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Barwon Health / Maternity Services

(03) 4215 2060

How do I know I'm pregnant

The first signs

You may already know that you’re pregnant, but if not there are signs to look out for. The first sign of pregnancy tends to be missing a period, probably around two weeks after you’ve conceived. But this isn’t foolproof.

If your menstrual cycle isn’t regular you may not notice that you’ve missed a period. Some women have a bit of bleeding around the time they would have expected a period – caused by the embryo implanting itself in the womb lining – which can be confusing.

Home pregnancy tests are about 97% reliable. You can do one on the first day you should have had a period. The test measures the amount of a hormone called human chorionic gonadotropin (hCG) in your urine. This is much higher during pregnancy.

If you think you may be pregnant and your period is late, you should phone a GP practice and ask for an appointment to discuss with a GP what happens next. If you are uncertain about whether you want to continue with the pregnancy the GP will be able to provide the information and support you require to make a decision.

Other signs of early pregnancy

Even before you miss a period, you may notice changes caused by pregnancy. The changes are caused by hormones that can affect different parts of your body and the way you feel. These are some of the signs:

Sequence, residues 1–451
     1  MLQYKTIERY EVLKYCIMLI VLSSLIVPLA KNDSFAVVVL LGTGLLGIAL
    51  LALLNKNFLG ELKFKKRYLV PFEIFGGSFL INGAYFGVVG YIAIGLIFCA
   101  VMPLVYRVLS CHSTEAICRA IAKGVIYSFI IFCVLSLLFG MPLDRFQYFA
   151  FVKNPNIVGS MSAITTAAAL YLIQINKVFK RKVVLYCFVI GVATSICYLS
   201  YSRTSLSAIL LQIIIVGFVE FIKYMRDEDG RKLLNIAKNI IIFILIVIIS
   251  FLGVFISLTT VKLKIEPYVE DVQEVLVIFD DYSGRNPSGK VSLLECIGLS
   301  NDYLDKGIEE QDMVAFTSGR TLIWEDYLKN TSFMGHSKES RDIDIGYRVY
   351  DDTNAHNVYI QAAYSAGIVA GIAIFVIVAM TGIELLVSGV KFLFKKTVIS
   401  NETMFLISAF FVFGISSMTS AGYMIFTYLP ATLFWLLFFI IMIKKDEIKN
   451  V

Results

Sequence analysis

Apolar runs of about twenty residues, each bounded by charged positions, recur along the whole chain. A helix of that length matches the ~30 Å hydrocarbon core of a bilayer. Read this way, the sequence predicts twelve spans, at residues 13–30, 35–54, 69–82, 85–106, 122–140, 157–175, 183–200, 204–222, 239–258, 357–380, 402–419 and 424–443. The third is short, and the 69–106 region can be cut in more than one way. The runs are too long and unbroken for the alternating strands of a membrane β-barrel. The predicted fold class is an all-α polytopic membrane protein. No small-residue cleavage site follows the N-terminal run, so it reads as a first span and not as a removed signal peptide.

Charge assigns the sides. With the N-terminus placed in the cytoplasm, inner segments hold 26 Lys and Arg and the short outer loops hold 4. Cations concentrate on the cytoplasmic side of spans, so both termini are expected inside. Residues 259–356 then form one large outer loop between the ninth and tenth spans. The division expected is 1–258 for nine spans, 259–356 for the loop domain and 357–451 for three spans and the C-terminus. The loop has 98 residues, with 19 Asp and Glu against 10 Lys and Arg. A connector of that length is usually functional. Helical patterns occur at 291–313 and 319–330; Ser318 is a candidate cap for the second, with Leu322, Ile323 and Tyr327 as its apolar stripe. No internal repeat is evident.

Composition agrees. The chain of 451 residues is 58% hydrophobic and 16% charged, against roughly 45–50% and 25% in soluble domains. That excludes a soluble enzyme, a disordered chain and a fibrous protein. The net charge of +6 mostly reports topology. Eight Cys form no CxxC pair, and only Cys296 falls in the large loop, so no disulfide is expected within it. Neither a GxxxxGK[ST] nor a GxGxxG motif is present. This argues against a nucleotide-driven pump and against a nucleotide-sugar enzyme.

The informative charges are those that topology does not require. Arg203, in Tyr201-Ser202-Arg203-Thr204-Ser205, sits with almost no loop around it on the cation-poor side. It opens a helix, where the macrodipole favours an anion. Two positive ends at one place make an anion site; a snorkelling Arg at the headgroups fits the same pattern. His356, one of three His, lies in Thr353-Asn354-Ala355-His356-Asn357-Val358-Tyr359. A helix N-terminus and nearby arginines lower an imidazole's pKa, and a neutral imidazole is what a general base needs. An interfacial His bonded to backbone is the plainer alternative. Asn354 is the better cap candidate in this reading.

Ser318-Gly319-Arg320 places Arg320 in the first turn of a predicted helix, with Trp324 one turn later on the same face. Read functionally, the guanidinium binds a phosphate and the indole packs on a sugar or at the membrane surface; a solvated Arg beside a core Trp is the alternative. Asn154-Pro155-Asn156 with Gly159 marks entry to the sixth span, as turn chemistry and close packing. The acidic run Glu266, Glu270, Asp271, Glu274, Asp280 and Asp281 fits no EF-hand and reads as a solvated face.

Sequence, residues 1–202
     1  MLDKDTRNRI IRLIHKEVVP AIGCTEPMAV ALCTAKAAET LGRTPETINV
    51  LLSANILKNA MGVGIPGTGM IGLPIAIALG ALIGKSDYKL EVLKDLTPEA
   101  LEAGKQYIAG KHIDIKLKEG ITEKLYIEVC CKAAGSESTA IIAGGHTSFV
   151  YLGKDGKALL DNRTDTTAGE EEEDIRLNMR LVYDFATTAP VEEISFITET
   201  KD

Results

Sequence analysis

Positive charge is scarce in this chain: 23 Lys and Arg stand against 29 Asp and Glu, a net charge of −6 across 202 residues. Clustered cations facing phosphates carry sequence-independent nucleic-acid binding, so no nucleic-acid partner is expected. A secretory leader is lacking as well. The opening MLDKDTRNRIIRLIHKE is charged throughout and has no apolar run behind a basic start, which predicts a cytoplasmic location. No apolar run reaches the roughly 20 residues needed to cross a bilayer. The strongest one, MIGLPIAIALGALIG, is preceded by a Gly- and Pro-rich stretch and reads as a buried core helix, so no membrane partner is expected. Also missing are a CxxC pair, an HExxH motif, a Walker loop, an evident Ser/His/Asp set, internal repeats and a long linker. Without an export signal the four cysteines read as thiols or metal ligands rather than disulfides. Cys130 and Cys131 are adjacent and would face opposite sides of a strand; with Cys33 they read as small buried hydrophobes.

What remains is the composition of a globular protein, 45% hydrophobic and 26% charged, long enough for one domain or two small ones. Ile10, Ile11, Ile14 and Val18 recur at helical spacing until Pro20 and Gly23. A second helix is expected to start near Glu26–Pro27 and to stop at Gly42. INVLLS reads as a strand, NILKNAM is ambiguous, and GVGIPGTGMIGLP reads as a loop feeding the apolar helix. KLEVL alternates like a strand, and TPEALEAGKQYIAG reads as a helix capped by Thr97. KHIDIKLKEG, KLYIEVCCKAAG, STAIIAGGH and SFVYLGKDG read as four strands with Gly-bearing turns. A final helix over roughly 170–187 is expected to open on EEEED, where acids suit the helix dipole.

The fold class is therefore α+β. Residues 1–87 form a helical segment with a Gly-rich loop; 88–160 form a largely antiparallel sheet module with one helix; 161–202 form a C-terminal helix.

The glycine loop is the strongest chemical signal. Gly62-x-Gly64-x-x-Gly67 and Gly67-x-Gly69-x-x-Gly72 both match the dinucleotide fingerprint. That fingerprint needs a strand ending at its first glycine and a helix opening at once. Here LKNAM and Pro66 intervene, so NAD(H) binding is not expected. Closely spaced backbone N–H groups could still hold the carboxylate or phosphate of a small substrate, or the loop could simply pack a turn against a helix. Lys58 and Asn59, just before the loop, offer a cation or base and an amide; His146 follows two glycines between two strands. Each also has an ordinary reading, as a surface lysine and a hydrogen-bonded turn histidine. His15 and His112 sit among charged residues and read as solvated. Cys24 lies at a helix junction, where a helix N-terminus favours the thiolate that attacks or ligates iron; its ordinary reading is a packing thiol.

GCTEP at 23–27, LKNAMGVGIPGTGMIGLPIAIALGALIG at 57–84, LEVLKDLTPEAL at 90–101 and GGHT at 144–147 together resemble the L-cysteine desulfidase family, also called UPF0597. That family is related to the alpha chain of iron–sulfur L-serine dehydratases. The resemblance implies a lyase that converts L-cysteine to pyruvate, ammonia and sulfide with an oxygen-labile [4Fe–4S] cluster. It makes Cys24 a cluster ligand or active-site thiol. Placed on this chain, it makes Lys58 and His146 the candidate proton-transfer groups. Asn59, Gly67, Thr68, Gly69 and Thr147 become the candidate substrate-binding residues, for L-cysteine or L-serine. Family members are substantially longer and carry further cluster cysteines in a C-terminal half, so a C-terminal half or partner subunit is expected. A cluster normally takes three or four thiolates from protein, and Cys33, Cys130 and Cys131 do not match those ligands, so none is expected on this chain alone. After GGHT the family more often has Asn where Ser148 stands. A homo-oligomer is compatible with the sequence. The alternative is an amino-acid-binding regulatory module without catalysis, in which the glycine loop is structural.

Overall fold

• Tender breasts: your breasts may feel heavy and tender as they begin to make tissue for producing and storing milk.
  • Tiredness: some women feel more exhausted in early pregnancy than at any other time.
  • Sickness: feeling sick can happen very early on in pregnancy, but usually after the first four weeks. It can hit at any time of the day and not just in the morning. You may also go off some foods.
  • Feeling emotional: even if you really want to be pregnant, realising that you are can come as a shock – expect to feel a bit ‘up and down’. Read more about your emotions during pregnancy here.
  • It’s also natural for you to have a few worries about your health and the health of your baby. You may be worrying about the birth or becoming a parent. If you’re on your own, you may be wondering how you’ll manage. Speak to the GP or midwife about your concerns.

Last Modified: Thursday, 24 December 2020